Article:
As landlords become increasingly dependent on rental incomes, many are finding themselves at the mercy of tax hikes, a spike in void periods and jobless tenants.
Property investors in the north of England will have to ride the storm brewing in the UK’s private rental sector (PRS) as they face rising taxes and the risk of mounting arrears from tenants. Eight of the ten cities with the greatest increases in Universal Credit claims are located in the three regions where landlords are the most leveraged, new research has found.
Since April 2017, the Government’s phased reduction in tax relief on buy-to-let mortgages has squeezed landlords’ profits. This means the costs that landlords can offset against their tax bill have been radically reduced, which could result in some being forced to sell up if their income falls because of unpaid rent.
The largest recent jumps in unemployment are concentrated in the North. Research by the think tank, Centre for Cities, showed that the number of people claiming unemployment benefits increased most significantly in Blackpool. In April, 8.9pc of the city’s population claimed benefits, a 3.4pc hike since March.
A survey by estate agent Hamptons International indicates that the area where the highest percentage of investors have buy-to-let mortgages is the North East, where 67pc of landlords who have bought in the last three years are mortgaged.
The second highest is the North West, at 65pc, followed by Yorkshire and the Humber, at 60pc. These figures are in marked contrast to a national average of 54pc.
Landlords hampered by ban on evictions
The lockdown and housing market freeze have intensified the pressures on landlord incomes. For seven weeks, it was extremely difficult to let property to new tenants because viewings were banned. In April, the average number of days taken to let a home in the UK jumped to 29, an all-time high since the Hamptons lettings index began in 2013.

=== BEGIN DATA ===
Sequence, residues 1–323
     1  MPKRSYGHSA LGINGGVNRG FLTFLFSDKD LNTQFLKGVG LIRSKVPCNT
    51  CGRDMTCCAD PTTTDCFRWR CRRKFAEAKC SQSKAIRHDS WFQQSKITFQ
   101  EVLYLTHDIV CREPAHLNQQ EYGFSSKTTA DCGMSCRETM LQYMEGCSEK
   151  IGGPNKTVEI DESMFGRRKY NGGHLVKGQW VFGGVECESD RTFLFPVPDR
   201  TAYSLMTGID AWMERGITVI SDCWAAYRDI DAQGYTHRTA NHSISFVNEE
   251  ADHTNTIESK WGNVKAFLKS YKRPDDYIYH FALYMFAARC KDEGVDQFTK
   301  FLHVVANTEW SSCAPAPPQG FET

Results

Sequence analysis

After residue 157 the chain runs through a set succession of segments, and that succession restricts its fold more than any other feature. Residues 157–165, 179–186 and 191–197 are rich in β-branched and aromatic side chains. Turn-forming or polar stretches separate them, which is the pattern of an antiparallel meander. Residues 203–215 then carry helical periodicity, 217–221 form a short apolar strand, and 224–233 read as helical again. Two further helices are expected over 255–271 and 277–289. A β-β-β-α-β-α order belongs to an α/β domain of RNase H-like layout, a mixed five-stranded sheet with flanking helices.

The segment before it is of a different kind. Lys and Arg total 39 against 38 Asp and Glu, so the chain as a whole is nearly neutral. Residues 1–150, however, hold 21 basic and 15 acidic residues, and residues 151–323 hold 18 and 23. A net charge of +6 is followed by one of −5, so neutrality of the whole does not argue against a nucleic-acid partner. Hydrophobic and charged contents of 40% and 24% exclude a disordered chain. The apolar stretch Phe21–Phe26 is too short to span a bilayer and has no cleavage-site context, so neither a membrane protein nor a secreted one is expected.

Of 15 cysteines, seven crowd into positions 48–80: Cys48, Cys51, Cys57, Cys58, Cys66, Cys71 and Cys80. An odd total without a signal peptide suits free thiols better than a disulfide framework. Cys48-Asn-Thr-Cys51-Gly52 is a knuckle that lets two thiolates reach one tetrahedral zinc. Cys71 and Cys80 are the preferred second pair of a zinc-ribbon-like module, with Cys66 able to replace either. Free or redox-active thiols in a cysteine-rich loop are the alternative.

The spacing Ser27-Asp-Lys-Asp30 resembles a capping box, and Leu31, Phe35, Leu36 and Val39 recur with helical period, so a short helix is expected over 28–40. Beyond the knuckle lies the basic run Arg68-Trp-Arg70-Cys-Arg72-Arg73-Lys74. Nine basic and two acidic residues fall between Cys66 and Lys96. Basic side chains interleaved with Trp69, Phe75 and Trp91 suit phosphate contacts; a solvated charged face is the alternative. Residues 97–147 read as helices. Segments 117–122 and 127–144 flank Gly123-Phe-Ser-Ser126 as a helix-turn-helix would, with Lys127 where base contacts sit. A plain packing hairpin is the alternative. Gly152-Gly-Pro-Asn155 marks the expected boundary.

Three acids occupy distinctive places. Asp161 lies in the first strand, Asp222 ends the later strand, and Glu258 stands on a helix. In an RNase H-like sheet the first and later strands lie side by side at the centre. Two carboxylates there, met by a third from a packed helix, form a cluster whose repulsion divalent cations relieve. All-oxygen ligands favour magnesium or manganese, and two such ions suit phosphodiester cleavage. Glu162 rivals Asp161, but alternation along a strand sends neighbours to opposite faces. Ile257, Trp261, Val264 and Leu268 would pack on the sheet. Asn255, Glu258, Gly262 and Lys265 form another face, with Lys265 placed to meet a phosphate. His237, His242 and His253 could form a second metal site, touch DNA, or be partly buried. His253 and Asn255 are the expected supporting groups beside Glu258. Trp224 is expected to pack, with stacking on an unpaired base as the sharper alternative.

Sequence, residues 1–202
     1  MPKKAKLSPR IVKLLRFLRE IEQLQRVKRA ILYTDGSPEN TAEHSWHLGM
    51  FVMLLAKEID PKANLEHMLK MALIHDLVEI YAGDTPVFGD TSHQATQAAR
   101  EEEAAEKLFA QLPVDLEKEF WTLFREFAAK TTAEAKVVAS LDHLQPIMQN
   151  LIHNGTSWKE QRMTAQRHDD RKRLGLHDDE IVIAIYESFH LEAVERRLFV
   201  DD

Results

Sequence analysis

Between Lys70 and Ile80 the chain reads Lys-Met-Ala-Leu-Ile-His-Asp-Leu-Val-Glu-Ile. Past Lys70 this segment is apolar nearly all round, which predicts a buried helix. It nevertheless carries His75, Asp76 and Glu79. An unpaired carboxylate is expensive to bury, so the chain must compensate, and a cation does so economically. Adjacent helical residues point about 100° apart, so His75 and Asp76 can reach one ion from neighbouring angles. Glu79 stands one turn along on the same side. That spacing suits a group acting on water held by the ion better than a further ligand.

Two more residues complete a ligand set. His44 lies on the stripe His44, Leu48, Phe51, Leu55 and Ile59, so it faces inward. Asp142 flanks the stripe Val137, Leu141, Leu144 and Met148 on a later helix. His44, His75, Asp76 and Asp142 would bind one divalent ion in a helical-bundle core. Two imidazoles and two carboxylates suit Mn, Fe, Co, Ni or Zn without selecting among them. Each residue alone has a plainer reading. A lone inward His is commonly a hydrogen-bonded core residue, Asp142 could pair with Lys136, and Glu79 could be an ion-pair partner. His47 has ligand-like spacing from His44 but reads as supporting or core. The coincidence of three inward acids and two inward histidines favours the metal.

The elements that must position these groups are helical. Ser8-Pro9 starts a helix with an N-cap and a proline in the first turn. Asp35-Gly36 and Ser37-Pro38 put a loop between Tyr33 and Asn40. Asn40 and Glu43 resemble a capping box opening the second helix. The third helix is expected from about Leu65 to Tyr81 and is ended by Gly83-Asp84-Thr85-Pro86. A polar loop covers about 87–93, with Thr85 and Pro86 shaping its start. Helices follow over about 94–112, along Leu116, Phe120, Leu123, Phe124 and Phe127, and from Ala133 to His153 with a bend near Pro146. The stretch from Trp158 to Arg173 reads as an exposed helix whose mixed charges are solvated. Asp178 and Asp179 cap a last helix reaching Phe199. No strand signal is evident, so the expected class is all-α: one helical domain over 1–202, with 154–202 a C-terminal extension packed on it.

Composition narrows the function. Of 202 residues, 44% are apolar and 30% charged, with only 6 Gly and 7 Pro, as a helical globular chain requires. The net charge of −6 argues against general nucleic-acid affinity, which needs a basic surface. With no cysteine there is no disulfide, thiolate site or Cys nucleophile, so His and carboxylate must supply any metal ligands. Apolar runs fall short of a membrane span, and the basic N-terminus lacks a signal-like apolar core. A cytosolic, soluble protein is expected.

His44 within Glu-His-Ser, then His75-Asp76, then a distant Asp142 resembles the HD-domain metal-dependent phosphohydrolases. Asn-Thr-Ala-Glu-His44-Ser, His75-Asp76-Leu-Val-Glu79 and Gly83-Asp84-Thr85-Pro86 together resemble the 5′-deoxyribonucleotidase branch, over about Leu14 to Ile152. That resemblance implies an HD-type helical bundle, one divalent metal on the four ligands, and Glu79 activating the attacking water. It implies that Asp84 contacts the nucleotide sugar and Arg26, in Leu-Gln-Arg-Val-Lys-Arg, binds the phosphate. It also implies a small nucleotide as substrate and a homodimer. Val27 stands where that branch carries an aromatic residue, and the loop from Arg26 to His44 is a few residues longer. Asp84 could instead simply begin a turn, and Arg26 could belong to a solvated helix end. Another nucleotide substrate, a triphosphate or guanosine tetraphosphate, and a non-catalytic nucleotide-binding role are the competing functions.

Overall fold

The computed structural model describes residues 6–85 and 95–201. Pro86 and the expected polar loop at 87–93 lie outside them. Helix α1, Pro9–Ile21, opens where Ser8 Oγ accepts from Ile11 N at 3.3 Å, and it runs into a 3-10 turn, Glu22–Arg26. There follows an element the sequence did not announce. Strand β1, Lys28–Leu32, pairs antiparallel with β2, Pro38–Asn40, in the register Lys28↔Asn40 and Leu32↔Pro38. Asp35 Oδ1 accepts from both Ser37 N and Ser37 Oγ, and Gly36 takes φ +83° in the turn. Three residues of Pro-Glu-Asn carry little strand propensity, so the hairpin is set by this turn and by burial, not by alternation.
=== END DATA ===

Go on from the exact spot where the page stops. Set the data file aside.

Although the housing market has reopened, many landlords are still handicapped by the ban on evictions introduced by the Government in March to prevent tenants from becoming homeless during lockdown.
Despite the fact that the ban on evictions is scheduled to end on June 25, the Government has indicated it could be extended, but meanwhile a growing proportion of landlords are stuck with properties that produce no income.
Max Armstrong, of North East Property Investments (NEPI) points out that some landlords themselves have been made redundant or furloughed and are now heavily dependent on their rental income. More landlords, he said, are trying to sell up but are faced with having to agree to large discounts.
Mr Armstrong tells of one landlord who was about to complete on a sale before lockdown, but the buyer is now demanding a reduction of 23pc off the intial asking price, something that would push the seller into negative equity.
Shortfall in universal credit
However, some landlords in the North are still suffering from the hangover caused by the 2008 financial crisis and the consequent house price crash. In Hartlepool, says Mr Armstrong, people were buying for £60,000 or £70,000 in 2007 and now the same houses are not selling for £20,000.
The choice now, he continued, is either to board up the house and pay council tax or hand it back to the bank. He believes the problems will only get worse and is concerned not for the present but for the time when government support ends. People on furlough leave may not realise it at the moment but their jobs could disappear, resulting in a jump in arrears.
The situation could become very difficult for landlords if unemployment rises in areas with higher rental prices, such as London and the South East. The Housing benefit element of Universal Credit covers only the cost of renting the cheapest 30pc of properties in any area, so renters paying average prices face a shortfall.
According to research by Shelter, the housing and homelessness charity, the gap is £400 per month in England for a two-bedroom family property, rising to £1,227 in London.